Overweight or not?

Well it depends on who is asking?  If it is your insurance company, they are probably going off of BMI alone and a recent study from UCLA finds that 54 million Americans may have been mislabeled as obese or overweight, according to the LA Times.  

Despite conventional wisdom, research has shown that people with high BMI's can actually be in great shape and those with  "healthy" BMI's can be unhealthy.  A. Janet Tomiyama, the study's lead author,  reports that cholesterol, triglyceride levels, bp, and blood sugar were analyzed along with BMI.  Unfortunately, new rules proposed by the Equal Employment Opportunity Commission, could see millions of Americans unnecessarily penalized financially.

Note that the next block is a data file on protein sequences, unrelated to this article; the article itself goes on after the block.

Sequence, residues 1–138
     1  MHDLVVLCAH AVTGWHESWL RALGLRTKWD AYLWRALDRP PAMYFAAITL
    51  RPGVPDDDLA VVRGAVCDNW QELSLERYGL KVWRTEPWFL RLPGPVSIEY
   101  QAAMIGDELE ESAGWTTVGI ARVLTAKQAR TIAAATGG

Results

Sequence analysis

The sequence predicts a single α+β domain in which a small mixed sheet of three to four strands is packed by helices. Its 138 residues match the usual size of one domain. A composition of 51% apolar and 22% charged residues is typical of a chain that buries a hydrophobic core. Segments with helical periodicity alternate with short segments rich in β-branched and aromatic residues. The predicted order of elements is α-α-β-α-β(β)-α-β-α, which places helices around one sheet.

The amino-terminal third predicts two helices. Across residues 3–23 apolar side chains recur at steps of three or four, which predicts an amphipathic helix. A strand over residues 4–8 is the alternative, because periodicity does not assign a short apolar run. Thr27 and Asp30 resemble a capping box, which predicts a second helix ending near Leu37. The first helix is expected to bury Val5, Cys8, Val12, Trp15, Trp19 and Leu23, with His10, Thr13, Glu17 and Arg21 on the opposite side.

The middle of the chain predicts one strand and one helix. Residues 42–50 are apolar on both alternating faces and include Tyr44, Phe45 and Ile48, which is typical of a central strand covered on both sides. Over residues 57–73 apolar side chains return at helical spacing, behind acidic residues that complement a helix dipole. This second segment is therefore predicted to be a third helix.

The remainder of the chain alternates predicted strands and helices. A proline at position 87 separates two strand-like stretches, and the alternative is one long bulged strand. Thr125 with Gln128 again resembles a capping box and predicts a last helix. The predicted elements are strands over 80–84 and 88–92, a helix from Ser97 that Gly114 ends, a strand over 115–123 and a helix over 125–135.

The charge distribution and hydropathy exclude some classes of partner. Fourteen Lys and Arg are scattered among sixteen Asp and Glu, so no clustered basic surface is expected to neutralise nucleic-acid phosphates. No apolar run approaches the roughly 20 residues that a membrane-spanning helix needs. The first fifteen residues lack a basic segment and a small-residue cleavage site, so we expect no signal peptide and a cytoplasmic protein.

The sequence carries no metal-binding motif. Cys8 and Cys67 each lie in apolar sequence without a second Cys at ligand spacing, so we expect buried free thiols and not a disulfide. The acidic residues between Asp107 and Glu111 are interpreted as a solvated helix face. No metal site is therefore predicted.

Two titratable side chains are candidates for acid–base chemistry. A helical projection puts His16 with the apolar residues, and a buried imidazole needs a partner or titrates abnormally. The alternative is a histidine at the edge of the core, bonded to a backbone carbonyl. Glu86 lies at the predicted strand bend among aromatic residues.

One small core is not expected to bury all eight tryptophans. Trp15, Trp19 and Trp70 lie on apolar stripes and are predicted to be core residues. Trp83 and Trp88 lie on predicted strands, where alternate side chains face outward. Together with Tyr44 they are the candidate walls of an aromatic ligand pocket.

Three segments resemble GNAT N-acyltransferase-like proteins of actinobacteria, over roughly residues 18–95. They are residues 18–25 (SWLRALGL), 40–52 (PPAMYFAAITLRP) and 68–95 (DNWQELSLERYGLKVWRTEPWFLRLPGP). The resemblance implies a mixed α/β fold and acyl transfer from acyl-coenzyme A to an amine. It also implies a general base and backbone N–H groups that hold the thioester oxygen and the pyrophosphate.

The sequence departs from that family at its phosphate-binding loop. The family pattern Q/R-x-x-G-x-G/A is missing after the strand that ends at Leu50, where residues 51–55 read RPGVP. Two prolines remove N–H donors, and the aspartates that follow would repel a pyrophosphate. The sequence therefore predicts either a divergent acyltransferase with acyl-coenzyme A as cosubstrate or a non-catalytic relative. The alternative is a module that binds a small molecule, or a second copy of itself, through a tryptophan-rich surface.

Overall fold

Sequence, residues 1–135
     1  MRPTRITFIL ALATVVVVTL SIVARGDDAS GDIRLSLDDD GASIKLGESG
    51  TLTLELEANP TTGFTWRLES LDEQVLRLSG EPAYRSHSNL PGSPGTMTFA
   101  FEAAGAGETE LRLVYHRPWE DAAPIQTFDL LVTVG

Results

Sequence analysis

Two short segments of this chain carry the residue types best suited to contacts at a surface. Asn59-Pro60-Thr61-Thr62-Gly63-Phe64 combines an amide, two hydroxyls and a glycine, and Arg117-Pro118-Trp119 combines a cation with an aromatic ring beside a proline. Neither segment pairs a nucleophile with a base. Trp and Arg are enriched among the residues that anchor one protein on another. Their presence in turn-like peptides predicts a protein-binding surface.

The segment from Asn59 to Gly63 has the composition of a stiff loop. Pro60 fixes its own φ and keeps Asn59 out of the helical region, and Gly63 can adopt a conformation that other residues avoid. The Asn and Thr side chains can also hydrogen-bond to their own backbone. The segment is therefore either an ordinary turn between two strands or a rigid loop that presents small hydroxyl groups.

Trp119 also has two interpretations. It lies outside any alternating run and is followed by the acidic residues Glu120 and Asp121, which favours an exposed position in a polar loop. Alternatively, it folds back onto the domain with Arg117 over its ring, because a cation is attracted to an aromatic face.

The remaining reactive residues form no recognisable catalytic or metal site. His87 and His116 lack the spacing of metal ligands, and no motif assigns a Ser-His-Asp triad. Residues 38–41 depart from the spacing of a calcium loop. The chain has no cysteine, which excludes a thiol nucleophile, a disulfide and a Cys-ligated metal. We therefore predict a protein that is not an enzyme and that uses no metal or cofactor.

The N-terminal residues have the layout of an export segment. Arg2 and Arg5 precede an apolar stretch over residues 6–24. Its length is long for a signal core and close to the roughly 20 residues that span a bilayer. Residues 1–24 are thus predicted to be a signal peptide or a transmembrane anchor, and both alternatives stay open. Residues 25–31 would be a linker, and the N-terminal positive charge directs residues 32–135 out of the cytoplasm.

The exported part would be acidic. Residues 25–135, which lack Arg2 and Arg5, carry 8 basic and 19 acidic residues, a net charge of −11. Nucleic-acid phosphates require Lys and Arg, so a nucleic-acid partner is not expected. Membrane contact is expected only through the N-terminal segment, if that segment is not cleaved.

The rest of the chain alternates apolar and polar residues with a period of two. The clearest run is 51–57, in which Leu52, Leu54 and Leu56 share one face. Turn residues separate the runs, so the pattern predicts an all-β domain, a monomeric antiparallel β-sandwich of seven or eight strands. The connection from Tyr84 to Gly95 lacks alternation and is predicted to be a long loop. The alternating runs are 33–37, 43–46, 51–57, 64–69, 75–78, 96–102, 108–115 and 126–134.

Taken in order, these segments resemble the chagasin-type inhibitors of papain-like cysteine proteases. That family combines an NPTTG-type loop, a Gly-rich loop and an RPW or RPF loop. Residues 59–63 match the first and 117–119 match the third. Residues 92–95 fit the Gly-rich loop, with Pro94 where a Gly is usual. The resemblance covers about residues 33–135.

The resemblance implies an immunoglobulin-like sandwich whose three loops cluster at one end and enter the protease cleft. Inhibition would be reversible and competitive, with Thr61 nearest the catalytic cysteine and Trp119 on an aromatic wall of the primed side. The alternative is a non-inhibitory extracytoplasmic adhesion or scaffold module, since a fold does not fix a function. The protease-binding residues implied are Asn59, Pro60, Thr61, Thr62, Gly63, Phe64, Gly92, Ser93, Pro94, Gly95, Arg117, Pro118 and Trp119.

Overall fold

A more accurate measure may be a combination of BMI & Body Fat percentage along with analysis of key health markers. The testing is more involved, but it is better indicator of a person's fitness level.  Two people may look similar, and have the same BMI, but they could actually have very different body fat amounts. 

The big commonly known fault with BMI, and the reason behind its generality, is that the number does not take muscle mass into account. This makes BMI misleading in two ways:

  • Firstly, a person who is underweight or normal on the BMI scale may still have a high percentage of body fat, meaning a lower level of fitness.
  • On the flip side, a person with a large amount of muscle mass, for example a football player or bodybuilder, could be told by the BMI ranking that he or she is morbidly overweight, when the individual in fact has a low percent body fat and high fitness level.

The bottom line is that BMI is a general overview and should only be an introductory assessment of a person's body composition.  It's perhaps useful when more involved testing is not available.  For more truth behind the matter, look at percent body fat.